A Pressing Engagement.

Due to its abundance of orchards, Kent is not called “The Garden of England” for nothing, and here at Sissinghurst we look after a small part of that “Garden”. Planted in 2009 and covering 4.8 acres, the orchard is the main fruit growing area of the estate, and its produce is used in the restaurant and sold to the public as fruit, juice and cider.

With over 1,100 trees the amount of work to look after them can be quite considerable. In the early years the trees were fed compost to help them establish and as they continue to grow and mature they are given fertilizer.

As you can imagine, trying to keep 1,100 fruit trees fit and healthy to produce fruit can be problematic. This year we have had, as have many orchards, a bumper crop of fruit. This was due to fine growing conditions that provided a good amount of sunshine with ample rain. The problem we soon encountered was the vast amount of apples growing on relatively small and immature trees. As the fruit swelled, the weight on their limbs meant they hung downwards dramatically and in quite a few cases snapped the branch. If a strong wind blew then this problem only worsened. We spent quite a few hours picking off some of the fruit, even though it wasn’t quite ready, just to lighten the load and prevent the branch from breaking. We supplemented this by tying up the worst of the branches to the tree stake to give much needed support.

When you add in the crows picking at our cherries (we had to cover as many as we could with unused log bags) and some of the crop (again mostly cherries) disappearing into people’s baskets then you understand where I’m coming from!

Maintenance of the orchard included mowing the whole site and strimming between the trees where the tractor could not get to. The excellent growing conditions for fruit also meant excellent growing conditions for weeds and if there is something a young developing tree doesn’t like it is competition for nutrients. As the trees all have guards on at this stage to protect them from rabbits this made it difficult to weed around the base. The only viable alternative was to chemically spray against the weeds using a spray that is perfectly safe to use in an orchard environment.

As the summer rolled on it was obvious our hard work was going to pay off. During September and October we set about picking the fruit off over 600 apple trees. The varieties picked included Red Windsor, Blenheim Orange, Egremont Russet, James Grieve and Herefordshire Russet, just some of the 22 varieties grown.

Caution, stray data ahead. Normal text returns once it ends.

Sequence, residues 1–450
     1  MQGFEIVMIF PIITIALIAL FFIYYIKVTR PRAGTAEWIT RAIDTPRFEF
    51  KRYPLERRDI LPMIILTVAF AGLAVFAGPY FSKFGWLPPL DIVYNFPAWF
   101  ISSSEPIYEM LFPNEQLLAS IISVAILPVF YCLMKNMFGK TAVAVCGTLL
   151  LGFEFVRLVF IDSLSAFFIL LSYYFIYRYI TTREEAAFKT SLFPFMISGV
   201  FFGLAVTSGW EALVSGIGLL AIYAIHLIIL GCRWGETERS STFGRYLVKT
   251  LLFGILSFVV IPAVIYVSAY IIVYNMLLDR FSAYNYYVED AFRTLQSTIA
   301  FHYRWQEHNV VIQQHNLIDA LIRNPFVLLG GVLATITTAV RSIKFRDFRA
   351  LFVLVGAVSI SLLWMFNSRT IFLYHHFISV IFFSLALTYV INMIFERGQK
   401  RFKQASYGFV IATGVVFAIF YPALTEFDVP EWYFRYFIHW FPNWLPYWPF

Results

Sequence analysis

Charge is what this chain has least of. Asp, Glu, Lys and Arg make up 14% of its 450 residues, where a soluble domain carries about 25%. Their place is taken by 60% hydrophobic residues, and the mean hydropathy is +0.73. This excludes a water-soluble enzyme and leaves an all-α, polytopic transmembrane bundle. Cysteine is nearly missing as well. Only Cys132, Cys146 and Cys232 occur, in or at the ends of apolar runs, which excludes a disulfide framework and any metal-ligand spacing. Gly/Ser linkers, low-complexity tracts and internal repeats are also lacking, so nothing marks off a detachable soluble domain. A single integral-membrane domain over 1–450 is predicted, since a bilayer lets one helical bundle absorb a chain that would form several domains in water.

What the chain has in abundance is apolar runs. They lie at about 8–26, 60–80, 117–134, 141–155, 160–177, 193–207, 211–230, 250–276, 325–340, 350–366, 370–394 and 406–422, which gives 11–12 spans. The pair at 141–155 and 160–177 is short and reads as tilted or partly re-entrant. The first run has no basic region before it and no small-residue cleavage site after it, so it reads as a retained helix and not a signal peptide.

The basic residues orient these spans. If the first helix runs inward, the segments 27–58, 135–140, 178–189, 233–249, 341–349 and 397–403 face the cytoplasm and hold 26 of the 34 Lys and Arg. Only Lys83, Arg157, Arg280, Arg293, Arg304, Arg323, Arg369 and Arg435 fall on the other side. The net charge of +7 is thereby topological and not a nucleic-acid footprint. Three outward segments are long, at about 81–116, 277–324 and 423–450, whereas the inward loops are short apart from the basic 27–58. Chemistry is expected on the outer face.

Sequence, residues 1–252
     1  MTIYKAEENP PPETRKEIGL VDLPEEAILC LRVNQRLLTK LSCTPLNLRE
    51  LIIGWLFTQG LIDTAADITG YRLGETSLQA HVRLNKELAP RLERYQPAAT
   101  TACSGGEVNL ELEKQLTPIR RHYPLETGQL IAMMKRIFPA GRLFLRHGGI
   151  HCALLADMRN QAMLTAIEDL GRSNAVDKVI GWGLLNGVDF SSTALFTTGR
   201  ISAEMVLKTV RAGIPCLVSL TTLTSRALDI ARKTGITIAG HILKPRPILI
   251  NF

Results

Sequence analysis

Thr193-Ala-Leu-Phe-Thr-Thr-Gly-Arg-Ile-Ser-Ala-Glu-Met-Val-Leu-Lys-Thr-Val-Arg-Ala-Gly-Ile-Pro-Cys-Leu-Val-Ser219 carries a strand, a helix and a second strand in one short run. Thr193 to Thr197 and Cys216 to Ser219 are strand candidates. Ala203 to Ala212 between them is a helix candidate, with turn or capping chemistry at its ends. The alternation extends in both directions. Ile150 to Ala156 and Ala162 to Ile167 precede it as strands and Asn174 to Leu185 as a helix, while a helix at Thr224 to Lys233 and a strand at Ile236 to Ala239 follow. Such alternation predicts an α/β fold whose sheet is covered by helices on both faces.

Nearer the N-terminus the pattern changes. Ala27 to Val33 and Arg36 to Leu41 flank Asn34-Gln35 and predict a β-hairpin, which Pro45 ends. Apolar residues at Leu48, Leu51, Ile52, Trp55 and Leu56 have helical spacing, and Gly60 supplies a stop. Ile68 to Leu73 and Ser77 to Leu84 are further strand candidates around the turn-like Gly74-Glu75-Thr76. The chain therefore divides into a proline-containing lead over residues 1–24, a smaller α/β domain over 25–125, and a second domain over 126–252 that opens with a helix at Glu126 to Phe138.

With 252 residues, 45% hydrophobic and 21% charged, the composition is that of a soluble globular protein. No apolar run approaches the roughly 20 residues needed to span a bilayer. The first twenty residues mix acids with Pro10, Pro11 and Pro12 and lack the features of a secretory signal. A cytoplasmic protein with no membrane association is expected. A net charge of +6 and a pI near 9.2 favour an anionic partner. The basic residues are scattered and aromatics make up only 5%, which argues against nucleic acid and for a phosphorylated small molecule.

Picking took some considerable time but in the end we sent multiple bins to Ringden Farm for pressing.

A few weeks later we collected 1,960 ltrs of apple juice in 1ltr and 330ml bottles. When one considers that we only received 275ltrs of juice last year it shows what a fantastic 2015 we had (and we still have 200ltrs of cider to come before Christmas).    Waiting for the bottles, we decided to enlist the help of Sissinghurst Primary School in designing some labels. The call for help went out, and we were inundated with colourful patterns and designs to choose from. It sounds like the pupils had great fun, and we enjoyed involving the local community in the project. It was a difficult task to select the winning drawings but we picked those below for their colour and connection to Sissinghurst Castle.

2015 was a very busy year in the orchard but we were delighted with the outcome. As well as the apples we had produce from pears (90 trees), quince/crab apples (130), cherries (133) and plums (63). As I write there are still some pears and crab apples to pick, but everything else has been safely gathered and been bought by visitors or made into tasty meals by the restaurant. So when you’re passing, do stop by and go home with a bottle of our delicious apple juice – I can thoroughly recommend it!

Ranger Paul.